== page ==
As market interest grows in value-based payment models for pharmaceuticals, payers, manufacturers and regulators must address challenges.
With hospitals feeling the squeeze from rising drug prices, advocacy groups and other concerned stakeholders have increasingly turned on insurers for what they see as an inadequate response to the issue.
As providers have begun to move from paying for value rather than volume, The Network for Excellence in Health Innovation (NEHI) sees potential in bending the pharmaceutical cost curve via a similar movement. Instead of paying drug manufacturers for the drugs purchased by a plan, payers could instead negotiate payments based on the performance of drugs in the marketplace, according to a white paper issued by NEHI.
The report suggests payers show greater willingness to shell out for high drug prices if the cost of the drugs aligns with improved outcomes, especially if those improvements will reduce healthcare costs elsewhere in the system. That implies incentives for all stakeholders, but NEHI points to a set of essential barriers the industry will have to overcome for this vision to reach fruition.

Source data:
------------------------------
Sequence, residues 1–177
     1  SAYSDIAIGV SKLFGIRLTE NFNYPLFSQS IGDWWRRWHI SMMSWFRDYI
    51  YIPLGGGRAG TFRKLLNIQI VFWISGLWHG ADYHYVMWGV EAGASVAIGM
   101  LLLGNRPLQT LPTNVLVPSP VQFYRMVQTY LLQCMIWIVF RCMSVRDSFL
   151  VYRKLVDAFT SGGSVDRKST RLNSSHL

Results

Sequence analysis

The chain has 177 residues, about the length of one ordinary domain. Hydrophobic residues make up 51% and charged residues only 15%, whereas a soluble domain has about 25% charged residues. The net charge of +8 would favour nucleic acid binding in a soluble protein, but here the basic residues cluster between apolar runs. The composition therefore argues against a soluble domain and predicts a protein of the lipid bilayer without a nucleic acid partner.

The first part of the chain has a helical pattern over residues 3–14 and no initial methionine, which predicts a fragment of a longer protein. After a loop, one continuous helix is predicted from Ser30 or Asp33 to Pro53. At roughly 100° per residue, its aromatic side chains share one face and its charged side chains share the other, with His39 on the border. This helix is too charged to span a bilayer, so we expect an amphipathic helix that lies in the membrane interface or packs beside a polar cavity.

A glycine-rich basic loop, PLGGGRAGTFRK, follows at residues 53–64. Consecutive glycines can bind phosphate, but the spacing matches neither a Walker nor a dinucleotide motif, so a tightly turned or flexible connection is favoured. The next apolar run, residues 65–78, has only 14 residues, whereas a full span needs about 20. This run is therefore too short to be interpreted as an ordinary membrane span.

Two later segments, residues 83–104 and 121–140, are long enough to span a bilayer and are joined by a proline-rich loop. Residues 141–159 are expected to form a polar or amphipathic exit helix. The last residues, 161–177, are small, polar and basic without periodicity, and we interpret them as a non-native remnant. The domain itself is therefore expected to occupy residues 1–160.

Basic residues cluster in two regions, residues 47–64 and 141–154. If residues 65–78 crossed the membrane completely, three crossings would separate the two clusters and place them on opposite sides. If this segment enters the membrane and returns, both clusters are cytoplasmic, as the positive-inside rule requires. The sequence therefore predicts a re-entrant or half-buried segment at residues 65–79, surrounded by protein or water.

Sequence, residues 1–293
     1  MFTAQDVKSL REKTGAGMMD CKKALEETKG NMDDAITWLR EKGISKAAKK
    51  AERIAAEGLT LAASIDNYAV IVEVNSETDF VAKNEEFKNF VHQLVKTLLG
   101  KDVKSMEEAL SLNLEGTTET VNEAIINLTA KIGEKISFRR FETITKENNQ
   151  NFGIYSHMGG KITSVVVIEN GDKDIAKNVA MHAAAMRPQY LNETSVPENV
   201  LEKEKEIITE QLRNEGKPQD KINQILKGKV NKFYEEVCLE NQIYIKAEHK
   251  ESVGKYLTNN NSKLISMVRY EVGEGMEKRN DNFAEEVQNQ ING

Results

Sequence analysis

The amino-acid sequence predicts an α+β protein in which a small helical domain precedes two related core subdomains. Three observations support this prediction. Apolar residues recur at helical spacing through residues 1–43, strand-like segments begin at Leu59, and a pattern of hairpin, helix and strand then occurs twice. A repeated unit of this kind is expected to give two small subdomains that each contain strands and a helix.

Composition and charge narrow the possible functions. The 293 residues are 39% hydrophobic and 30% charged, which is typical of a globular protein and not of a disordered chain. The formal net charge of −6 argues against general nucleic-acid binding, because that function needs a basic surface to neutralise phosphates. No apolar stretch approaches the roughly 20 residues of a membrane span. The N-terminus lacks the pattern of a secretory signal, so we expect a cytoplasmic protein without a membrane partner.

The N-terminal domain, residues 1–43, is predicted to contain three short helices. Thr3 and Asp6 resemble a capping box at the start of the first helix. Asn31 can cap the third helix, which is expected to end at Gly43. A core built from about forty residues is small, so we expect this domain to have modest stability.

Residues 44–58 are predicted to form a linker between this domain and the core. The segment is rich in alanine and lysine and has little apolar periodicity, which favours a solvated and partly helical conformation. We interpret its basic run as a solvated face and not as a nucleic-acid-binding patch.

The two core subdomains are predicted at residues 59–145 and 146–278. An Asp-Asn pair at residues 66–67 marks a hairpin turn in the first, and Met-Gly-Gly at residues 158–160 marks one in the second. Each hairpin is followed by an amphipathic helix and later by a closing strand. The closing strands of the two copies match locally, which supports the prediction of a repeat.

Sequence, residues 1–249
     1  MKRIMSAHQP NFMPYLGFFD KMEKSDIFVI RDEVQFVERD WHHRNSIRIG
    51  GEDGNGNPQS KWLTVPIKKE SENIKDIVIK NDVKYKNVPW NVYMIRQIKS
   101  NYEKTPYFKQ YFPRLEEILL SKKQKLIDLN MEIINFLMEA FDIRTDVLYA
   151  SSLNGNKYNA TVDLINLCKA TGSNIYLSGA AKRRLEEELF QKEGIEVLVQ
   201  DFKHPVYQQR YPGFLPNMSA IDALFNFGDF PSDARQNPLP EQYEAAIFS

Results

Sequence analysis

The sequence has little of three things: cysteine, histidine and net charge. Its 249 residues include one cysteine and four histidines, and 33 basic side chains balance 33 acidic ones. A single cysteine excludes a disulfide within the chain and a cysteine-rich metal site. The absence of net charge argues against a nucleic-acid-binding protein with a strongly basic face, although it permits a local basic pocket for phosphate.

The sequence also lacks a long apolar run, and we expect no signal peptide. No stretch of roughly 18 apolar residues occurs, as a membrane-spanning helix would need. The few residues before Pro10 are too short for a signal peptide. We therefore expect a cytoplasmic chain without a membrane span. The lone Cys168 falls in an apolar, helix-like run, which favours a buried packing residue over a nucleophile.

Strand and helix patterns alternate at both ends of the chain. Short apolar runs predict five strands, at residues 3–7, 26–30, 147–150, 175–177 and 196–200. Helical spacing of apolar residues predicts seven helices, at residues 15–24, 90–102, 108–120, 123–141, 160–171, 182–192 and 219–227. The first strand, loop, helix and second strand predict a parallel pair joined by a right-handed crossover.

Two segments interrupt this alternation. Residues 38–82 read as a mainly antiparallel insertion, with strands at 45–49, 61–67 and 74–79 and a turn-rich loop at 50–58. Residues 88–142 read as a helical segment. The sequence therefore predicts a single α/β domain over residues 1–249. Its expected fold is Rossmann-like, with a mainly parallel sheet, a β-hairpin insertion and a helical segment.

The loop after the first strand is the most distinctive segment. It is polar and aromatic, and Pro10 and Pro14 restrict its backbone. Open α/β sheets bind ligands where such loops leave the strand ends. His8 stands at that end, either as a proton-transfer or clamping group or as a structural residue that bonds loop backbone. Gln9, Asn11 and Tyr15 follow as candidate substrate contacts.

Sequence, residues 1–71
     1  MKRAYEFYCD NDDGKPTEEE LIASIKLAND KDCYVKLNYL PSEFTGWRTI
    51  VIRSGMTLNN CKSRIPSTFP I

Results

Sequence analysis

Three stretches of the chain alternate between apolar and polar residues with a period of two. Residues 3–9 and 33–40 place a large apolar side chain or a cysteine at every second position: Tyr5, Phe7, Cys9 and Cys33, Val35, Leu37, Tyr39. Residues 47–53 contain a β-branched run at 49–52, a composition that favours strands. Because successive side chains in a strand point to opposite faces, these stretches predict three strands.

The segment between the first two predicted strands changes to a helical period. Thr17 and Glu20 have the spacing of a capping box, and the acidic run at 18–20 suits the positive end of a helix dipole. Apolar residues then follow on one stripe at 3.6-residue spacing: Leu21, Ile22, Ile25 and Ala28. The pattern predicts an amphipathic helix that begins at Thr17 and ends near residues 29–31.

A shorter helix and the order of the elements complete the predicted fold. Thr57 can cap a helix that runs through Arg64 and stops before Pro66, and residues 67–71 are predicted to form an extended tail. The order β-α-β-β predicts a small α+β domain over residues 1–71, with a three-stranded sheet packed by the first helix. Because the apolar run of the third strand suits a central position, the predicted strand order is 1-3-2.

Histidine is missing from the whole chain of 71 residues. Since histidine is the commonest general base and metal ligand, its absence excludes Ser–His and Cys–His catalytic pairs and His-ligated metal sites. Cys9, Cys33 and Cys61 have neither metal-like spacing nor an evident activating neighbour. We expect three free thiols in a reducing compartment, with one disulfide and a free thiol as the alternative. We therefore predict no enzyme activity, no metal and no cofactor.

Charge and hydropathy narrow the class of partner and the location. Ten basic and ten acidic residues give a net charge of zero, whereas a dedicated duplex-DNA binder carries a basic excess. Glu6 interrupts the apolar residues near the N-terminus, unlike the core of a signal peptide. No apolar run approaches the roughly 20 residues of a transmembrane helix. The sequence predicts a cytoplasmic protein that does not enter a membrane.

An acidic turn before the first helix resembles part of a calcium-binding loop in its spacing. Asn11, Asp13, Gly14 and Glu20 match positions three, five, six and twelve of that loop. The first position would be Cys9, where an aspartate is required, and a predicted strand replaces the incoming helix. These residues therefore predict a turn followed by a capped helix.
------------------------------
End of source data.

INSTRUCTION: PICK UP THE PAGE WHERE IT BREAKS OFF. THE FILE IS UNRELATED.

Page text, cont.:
The report recommends the industry:
- Establish quality metrics. As in other examples of value-based payment methodologies, setting appropriate benchmarks and agreeing on how to measure quality are critical. NEHI suggests shifting the focus of organizations already working on this issue in other parts of the healthcare space toward innovative pharmaceutical contracts.
- Improve data infrastructure. Even with a set of agreed-upon quality benchmarks, payers need to be able to receive and process the data necessary to track outcomes. The increased complexity of this type of data analysis compared to tracking the volume of drugs sold means payers will need to invest in their data infrastructure to accommodate new data standards developed in concert with clinical networks, per the report.
- Address regulatory disincentives. Payers and other stakeholders will need to develop a proper definition for value-based contracts in order to ensure appropriate carve-outs to existing regulations, particularly around anti-kickback statutes and regulated communications between payers and manufacturers.